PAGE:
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Sathir Phonology (Question Included)

From:David J. Peterson <thatbluecat@...>
Date:Friday, April 11, 2003, 18:34
As promised, here's my new languages: Sathir.   I thought since everyone else
had an ergative language, I should have one too.   This one was influenced by
Malagasy, Dyirbil, Middle Egyptian, Tagalog, Fijian, Ancient Greek and
English.   It's VOS, split-ergative, infixing, head-initial and has a
definite/indefinite system that invades the whole languages
(definite/indefinite, future/non-future [or, shall we say, yet to be
determined and fixed in time], mobile/immobile, etc.).   I'll limit
discussion to its phonology, though.   Here goes:


Vowels: /a/ /E/ /i/ /O/ /u/
Stops: /p/ /t/ /k/ /p_h/ /t_h/ /k_h/ /p_w/ /t_w/ /k_w/
Fricatives: /s/ /h/ /S/
Nasals: /m/ /n/ /N/
Approximants: /l/ /4/ /j/

Syllable Structure: V, VC, CV, CVC   (only /n/, /S/, /s/, /l/, /r/ and /h/
can be coda consonants; the following can occur in the vowel slot: /a, e, i,
o, u, ia, ie, io, iu, ua, ue, uo, ui, au/.   Also, *C_wu, *ru, *lu and *Si.
This'll be explained later.)

Allphonic Rules:
1.) /a, O/ > [@] / _V...V...V[+stress], or V[+stress]_
2.) /h/ > nothing / V_C, or V_#; /h/ > [C] / _[i]
3.) V > V: / _/h/C or _/h/#
4.) /p_h, t_h, k_h/ > [P, T, x] / V_V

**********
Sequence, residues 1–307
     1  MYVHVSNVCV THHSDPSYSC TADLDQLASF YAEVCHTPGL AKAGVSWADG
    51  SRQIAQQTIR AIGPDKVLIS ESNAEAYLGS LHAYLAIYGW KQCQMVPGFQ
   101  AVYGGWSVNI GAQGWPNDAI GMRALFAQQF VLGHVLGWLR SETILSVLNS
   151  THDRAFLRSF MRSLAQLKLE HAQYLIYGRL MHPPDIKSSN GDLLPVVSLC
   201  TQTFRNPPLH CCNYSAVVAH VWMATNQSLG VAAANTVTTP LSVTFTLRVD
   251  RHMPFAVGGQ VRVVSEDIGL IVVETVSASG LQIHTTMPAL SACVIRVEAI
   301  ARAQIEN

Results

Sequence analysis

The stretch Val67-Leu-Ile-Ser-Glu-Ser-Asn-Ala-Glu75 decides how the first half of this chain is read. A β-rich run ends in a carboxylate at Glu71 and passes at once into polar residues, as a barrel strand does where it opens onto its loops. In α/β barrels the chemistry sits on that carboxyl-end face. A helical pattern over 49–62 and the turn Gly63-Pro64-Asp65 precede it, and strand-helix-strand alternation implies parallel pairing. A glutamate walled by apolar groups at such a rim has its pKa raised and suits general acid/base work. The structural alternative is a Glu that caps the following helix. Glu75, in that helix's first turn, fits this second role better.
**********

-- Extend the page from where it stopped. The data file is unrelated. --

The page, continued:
5.) /p_w, t_w, k_w/ > [B, D_w, w] / V_V
6.) /p, t, k/ > [b, d, g] / V_V
7.) /pp, tt, kk/ > [p, t, k] / V_V
8.) /44/ > [r]
9.) /nn, mm, NN/ > [n, m, N]
10.) /ll/ > [j]
11.) /n/ > [m] / _C[+bilab.]; /n/ > [J] / _C[+pal.]; /n/ > [N] / _C[+velar]
12.) /s/ > [z] / V_V
13.) /ss/ > [s]
14.) /si/ > [S] / _V
15.) /S/ > [Z] / V_V
16.) /SS/ > [S]
18.) /rl, lr/ > [r]
19.) /t/ > [tS] / _i
20.) /tS/ > [dZ] / V_V
21.) Reduplication simplifies; stress is retained (i.e., CVCV > CV, and VCVC >
22.) /li/ > [j] / _V
23.) /j/ > [Z] / _[i] (Note: /ll/ does not.)

1.) Since /si/ became [S], no words will *orthographically* look like
/Si.../.   There will either be /si.../ or /S[not i].../.
2.) /ru, lu/ became /r, l/.   This left some fixing to be done, though, and
this is the result:
(a) kanru > *kanr, so the liquid and vowel metathesize, leaving kanru >
(b) ru > *r, or lun > *ln, so /u/ becomes [au], leaving ru > rau, and lun >
(c) karunta > *karnta, so the liquid (either /l/ or /r/) becomes [u], leaving
karunta > kaunta.

The rules apply in that order.

My question is this:

I like having a contrast between voiced stops and voiceless in between
vowels, but that leaves me with having to have geminate stops, which should
be impossible, since coda [p, t, k] is not possible.   This would leave me
with the possibility of positing a geminate phoneme, which would leave me
with something to do with it in initial position.   I'm not sure how to
resolve this.   Any ideas?



Christophe Grandsire <christophe.grandsire@...>